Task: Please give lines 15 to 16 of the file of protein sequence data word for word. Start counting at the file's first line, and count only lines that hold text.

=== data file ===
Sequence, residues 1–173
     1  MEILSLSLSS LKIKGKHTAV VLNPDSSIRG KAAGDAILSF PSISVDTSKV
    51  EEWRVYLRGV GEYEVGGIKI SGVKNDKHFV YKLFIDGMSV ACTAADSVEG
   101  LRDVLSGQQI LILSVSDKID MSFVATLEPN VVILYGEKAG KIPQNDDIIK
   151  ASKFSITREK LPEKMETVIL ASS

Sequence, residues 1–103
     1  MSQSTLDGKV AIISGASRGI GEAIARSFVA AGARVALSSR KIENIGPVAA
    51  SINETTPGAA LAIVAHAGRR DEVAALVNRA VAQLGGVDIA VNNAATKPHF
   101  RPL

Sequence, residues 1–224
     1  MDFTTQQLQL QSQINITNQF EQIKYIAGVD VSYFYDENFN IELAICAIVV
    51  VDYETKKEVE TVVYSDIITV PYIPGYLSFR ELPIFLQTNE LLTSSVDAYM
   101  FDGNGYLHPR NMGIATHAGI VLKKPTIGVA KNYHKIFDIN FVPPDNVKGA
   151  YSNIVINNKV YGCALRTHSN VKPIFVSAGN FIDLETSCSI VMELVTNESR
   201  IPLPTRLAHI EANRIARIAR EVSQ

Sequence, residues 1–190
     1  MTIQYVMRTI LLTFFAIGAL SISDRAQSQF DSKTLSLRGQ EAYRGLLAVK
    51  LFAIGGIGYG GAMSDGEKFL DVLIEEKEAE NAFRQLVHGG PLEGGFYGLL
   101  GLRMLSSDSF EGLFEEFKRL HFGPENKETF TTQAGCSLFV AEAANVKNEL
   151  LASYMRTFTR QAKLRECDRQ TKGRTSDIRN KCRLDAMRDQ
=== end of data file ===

   201  IPLPTRLAHI EANRIARIAR EVSQ

Sequence, residues 1–190